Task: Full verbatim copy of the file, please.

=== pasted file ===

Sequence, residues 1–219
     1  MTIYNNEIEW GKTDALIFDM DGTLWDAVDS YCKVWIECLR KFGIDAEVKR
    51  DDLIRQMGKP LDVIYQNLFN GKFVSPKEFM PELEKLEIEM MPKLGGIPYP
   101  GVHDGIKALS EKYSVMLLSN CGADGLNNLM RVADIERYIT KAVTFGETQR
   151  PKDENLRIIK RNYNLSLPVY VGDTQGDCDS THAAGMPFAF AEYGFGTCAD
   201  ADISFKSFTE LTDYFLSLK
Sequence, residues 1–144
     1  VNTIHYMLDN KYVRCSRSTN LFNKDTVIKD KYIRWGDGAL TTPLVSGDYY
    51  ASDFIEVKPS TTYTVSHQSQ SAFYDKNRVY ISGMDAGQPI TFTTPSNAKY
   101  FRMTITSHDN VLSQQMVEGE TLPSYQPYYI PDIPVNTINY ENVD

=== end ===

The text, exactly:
Sequence, residues 1–219
     1  MTIYNNEIEW GKTDALIFDM DGTLWDAVDS YCKVWIECLR KFGIDAEVKR
    51  DDLIRQMGKP LDVIYQNLFN GKFVSPKEFM PELEKLEIEM MPKLGGIPYP
   101  GVHDGIKALS EKYSVMLLSN CGADGLNNLM RVADIERYIT KAVTFGETQR
   151  PKDENLRIIK RNYNLSLPVY VGDTQGDCDS THAAGMPFAF AEYGFGTCAD
   201  ADISFKSFTE LTDYFLSLK
Sequence, residues 1–144
     1  VNTIHYMLDN KYVRCSRSTN LFNKDTVIKD KYIRWGDGAL TTPLVSGDYY
    51  ASDFIEVKPS TTYTVSHQSQ SAFYDKNRVY ISGMDAGQPI TFTTPSNAKY
   101  FRMTITSHDN VLSQQMVEGE TLPSYQPYYI PDIPVNTINY ENVD